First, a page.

There is discussion going on at Cal Poly San Luis Obispo to distribute or realign those component parts of an existing academic department into other existing academic departments. The major known as ”journalism” would still be called by that name even in if the component parts of the existing academic department are distributed or realigned into other existing academic departments. So, you will probably read quotes from representatives of Cal Poly San Luis Obispo about preserving ”journalism” at the university.

http://calcoastnews.com/2010/09/new-cal-poly-president-expected-soon/ is a URL where you can read the words of Cal Poly San Luis Obispo interim president Robert Glidden from remarks that he made on Friday, September 20, 2010 at a Retired Faculty Association luncheon.

Unless interim president Glidden was misquoted, his words should be taken very seriously. Assuming that he was not misquoted, what he said was that the existing Journalism Department is ”shrinking” and that because of this shrinkage, it is a good time to break up the department into its component parts and redistribute those parts elsewhere (and my best guess is that place would be within one or more existing academic departments of the College of Liberal Arts.)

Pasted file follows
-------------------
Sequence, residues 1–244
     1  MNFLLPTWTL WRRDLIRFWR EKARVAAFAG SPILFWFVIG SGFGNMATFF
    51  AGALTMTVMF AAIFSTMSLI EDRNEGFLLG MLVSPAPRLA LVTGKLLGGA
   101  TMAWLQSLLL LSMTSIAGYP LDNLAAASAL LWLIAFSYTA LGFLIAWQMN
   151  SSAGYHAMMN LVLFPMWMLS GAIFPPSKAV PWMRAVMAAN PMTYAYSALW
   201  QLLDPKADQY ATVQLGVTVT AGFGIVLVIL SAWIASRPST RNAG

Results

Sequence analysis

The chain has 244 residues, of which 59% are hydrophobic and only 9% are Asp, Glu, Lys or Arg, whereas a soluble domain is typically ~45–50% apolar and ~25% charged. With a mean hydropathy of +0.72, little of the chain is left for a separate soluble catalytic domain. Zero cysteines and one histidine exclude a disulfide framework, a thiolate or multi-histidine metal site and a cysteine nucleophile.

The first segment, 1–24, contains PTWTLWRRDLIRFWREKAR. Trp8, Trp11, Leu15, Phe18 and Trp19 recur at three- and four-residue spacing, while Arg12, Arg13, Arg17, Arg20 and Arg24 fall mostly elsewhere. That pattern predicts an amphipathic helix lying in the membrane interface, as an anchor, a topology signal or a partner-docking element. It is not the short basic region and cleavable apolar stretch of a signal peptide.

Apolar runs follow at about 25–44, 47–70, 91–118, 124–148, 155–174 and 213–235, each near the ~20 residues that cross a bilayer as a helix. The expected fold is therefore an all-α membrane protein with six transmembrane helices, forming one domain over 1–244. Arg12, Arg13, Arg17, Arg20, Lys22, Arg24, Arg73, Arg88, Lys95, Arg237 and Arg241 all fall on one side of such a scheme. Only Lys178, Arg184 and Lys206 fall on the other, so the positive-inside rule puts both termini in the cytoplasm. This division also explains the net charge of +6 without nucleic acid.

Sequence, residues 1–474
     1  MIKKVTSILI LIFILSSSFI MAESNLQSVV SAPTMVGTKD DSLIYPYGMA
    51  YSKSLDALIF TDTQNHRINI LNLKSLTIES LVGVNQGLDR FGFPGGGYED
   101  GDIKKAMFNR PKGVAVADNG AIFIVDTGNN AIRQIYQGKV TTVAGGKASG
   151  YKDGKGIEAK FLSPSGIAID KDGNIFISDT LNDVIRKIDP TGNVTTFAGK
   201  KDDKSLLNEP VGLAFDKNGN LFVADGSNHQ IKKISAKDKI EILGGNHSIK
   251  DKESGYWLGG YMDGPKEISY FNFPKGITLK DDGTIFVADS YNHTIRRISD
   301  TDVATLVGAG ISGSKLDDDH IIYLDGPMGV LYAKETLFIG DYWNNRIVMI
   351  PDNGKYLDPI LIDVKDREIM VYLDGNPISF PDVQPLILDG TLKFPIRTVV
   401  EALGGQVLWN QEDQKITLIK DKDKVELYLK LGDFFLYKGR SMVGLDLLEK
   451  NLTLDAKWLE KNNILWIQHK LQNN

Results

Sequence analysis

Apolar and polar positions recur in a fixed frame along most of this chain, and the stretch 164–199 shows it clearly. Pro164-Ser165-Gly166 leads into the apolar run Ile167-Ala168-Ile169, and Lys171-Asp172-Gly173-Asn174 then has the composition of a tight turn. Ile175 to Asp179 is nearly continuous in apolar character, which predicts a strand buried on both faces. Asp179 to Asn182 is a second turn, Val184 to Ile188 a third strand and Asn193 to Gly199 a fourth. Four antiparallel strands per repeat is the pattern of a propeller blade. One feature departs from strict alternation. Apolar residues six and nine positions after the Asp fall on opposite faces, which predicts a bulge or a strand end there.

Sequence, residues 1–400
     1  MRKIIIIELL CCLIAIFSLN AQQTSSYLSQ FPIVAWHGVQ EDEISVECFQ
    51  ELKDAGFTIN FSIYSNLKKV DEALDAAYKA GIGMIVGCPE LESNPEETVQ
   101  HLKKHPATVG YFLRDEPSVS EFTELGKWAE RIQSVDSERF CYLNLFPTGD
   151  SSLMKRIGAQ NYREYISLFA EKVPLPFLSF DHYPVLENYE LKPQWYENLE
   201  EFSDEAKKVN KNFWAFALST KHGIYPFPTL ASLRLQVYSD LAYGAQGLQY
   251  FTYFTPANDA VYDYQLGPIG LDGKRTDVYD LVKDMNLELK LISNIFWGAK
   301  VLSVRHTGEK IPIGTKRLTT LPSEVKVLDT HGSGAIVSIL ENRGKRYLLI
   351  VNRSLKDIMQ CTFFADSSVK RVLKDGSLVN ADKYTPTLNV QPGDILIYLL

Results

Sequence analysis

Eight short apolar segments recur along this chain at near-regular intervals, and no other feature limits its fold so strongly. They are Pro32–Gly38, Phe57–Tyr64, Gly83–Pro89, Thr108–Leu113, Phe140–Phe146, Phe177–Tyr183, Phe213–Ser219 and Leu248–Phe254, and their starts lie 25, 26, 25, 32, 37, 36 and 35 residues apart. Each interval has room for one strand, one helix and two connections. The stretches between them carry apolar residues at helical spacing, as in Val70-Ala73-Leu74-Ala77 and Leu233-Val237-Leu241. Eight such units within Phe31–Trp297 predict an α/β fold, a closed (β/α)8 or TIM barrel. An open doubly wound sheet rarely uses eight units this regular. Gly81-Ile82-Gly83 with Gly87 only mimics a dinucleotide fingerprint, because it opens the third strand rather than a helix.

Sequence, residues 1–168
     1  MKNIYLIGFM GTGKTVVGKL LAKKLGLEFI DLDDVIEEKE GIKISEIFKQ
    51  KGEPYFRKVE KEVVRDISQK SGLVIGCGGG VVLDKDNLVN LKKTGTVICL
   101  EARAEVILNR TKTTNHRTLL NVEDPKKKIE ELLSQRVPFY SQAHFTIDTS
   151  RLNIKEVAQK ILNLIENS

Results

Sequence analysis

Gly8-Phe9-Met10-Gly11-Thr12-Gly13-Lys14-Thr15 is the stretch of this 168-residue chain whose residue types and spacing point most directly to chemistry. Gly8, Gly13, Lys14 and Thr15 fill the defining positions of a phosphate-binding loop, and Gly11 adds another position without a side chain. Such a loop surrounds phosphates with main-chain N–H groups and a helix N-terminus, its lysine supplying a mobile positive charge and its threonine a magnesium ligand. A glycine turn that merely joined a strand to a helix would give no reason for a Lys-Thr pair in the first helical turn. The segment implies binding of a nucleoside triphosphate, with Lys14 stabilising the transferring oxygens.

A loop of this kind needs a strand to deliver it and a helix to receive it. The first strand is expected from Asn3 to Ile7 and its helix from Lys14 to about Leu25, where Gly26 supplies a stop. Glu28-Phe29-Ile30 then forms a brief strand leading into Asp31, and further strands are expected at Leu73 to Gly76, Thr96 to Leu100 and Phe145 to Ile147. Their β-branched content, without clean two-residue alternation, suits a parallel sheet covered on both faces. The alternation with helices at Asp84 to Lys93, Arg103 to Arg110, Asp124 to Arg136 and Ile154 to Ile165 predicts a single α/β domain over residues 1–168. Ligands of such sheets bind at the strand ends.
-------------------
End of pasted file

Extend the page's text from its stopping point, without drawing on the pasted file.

If such a break-up and redistribution were to take place, as interim president Robert Glidden has said may take place before the end of 2010, then what all of us alums knew as the Journalism Department would no longer exist.

My informed speculation is that the Mustang Daily could become one component of the existing Graphic Communications Department instead of remaining within the Journalism Department where the daily newspaper exists now.

My personal opinion (having worked as a editor of the Mustang Daily during the 1970s) is that no matter how excellent the Graphic Communications Department certainly is today, moving the administration and curriculum of the Mustang Daily from the Journalism Department into the Graphic Communications Department would potentially be a very bad thing for Cal Poly students who are attending the university to get an education in the field of journalism.